a tranquil old house
I have always been fascinated by old houses, and over the past year, been searching out buildings that retain traditional styles. A month ago, some friends invited us to their residence in old Dhaka.
On June 16, Tamim and I set off for Old Dhaka. As our car drew up in front of the Dhaka Central Jail and got stuck in the crowded streets, the years seemed to roll back by four centuries, reminding us of the wonderful riverine city Dhaka used to be.
The history of Dhaka goes back a long way. The city area was ruled by the Buddhist kingdom of Kamarupa before passing to the control of the Sena dynasty in the 9th century. Many believe that the name of the city was derived after the establishment of the Goddess Dhakeswari's temple by Raja Ballal Sen in the 12th century.
The Dhaka area of that time was identified as Bengali. After Sena dynasty, Dhaka was successively ruled by the Turkish and Afghan governors descending from the Delhi Sultanate before the arrival of the Mughals in 1608. The city was called 'Jahangir Nagar” in honour of the Mughal emperor Jahangir. In that time, the city stretched for 12 miles in length and 8 miles in breadth and is believed to have had a population of nearly a million. The city had expanded massively during the time of Mughal General Shaista Khan.
The historical Chawk Mosque was built in 1675 at Old Dhaka. The beautiful palace, Chhoto Katra, was also built in 1671 during the time of Ruler Shaista Khan. Between the 16th and the 19th century, Dhaka was a resourceful city. Portuguese and French traders also came here at that time in pursuit of business. The Afghan Fort in Dhaka was located at the present Central Jail.
We took the Sat Rawza, the road opposite the Central Jail, and reached Armanitola. Armenian traders played a significant role in Bengali trade and commerce in the 17th and 18th centuries; The Armenian church, cemetery and Armanitola still bear their name. We stopped in front of the Armanitola School - a beautiful old red brick building that evokes memories of those days. The Old Tara Masjid is located adjacent to the school and has an aura of sanctity and holiness. We took the road opposite to the Masjid, Abul Khairat Road. Our destination: Abul Khairat Zaminder House.
Lira, a member of the Abul Khairat family, is an acquaintance of ours. She met us in front of the house gate to show us around the estate, which was once a beautiful Zaminder House. This house, in fact, dates back to the early 19th century. In 1804, Abul Khairat was the Zaminder of Dhaka. His father, Nur Baksh, had purchased 5 acres of land here and built this Zaminder house. Today, the house is divided into several parts among their descendants. Lira gave us the tour around the various parts, and introduced us to the family members, all of whom were very hospitable to us.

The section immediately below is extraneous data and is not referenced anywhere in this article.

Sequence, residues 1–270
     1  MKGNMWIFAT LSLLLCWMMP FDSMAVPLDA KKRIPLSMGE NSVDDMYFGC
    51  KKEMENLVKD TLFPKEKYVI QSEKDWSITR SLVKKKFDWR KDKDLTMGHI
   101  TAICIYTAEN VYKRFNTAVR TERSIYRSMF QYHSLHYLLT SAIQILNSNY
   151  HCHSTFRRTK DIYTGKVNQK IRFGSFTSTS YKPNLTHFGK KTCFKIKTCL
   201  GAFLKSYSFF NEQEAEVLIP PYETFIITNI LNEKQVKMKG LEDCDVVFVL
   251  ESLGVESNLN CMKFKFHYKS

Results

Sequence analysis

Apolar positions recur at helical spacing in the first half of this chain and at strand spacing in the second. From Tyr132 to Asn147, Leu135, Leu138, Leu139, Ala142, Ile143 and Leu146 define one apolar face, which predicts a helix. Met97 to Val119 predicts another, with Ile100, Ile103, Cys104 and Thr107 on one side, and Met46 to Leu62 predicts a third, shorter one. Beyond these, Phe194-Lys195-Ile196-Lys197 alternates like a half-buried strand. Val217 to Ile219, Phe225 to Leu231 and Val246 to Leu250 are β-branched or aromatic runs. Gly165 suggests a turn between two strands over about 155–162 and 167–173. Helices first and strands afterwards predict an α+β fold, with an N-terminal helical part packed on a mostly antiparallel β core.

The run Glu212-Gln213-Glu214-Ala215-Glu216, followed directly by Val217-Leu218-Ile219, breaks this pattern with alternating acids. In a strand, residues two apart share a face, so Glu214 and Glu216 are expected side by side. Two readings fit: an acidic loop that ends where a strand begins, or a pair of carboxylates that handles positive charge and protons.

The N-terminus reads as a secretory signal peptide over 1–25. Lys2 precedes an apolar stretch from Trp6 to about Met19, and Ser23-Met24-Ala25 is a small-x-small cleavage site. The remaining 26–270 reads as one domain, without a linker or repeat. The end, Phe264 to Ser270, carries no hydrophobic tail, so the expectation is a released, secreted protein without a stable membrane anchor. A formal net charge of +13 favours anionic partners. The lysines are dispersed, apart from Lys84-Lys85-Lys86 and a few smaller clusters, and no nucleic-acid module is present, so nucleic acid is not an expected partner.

The main building is in the front of the land, and is surrounded by a garden. There was once an exquisite fountain in the garden, which is now overgrown but retains its majesty. A grand set of stairs leads up to the entrance, which even in their current broken state are magnificent. The arch-shaped entrance itself is almost twelve feet high, and opens in two doors. An intricate piece of ornamental ironwork adorns the front of these doors, with graceful curves. The building is made of red bricks, like other buildings of the British period. The arched theme also applies to the windows, which are large and have floral arrangements on top. The beautiful khorkhori windows are now covered by creepers and pigeon nests. The lovely pigeons sit silently on the curving belts of the windows, making the scene ever so picturesque.
We then proceeded to another part of the house , which was a single-storied white building. This building has some superb floral designs on the windows. The windows themselves are four parted; the first two shutters are wooden khorkhori and the inner shutters are glass with wooden frames. These windows are also arch shaped, and have decorative stained glass arrangements.
We were truly excited with the entire house as we explored it. We were soon joined by Md. Zahangir, who is the grand son of the late Abul Khairat. Md. Zahangir is a talented painter, and we saw some portraits of his ancestors that he has painted. He showed us around his living room, which has a very high koriborga ceiling of white wood that looks fabulous to this day. One could perceive the age of the house from the furniture, some of which is very old. The curtain rods are brass, from over a hundred years ago; to add to the ambience, various antique arms are hung on the walls.
At long last, we reached the back end of the house, which is very obviously well maintained. The beautiful white stairs have railings and hand rails befitting a family of such antiquity.
The doors of the rooms are painted white, as are the windows; there are also several stained glass doors that are almost a hundred years old but which still look splendid in their triangular patterns. The furniture is vintage, and arranged very tastefully. Various hunting trophies, such as deer's heads, are mounted above the doors, and in one room we saw an antique China vase arranged elegantly with a corner display and a traditional easy chair.
The experience of exploring one of the grand old houses of the city was an exhilarating and enriching one that gave us a new appreciation of the heritage and styles of our culture. This heritage should be preserved for its beauty which is, in a word, timeless.
Nazneen Haque Mimi
Photo Credit: Tamim Sujat
Special Thanks: Md. Zahangir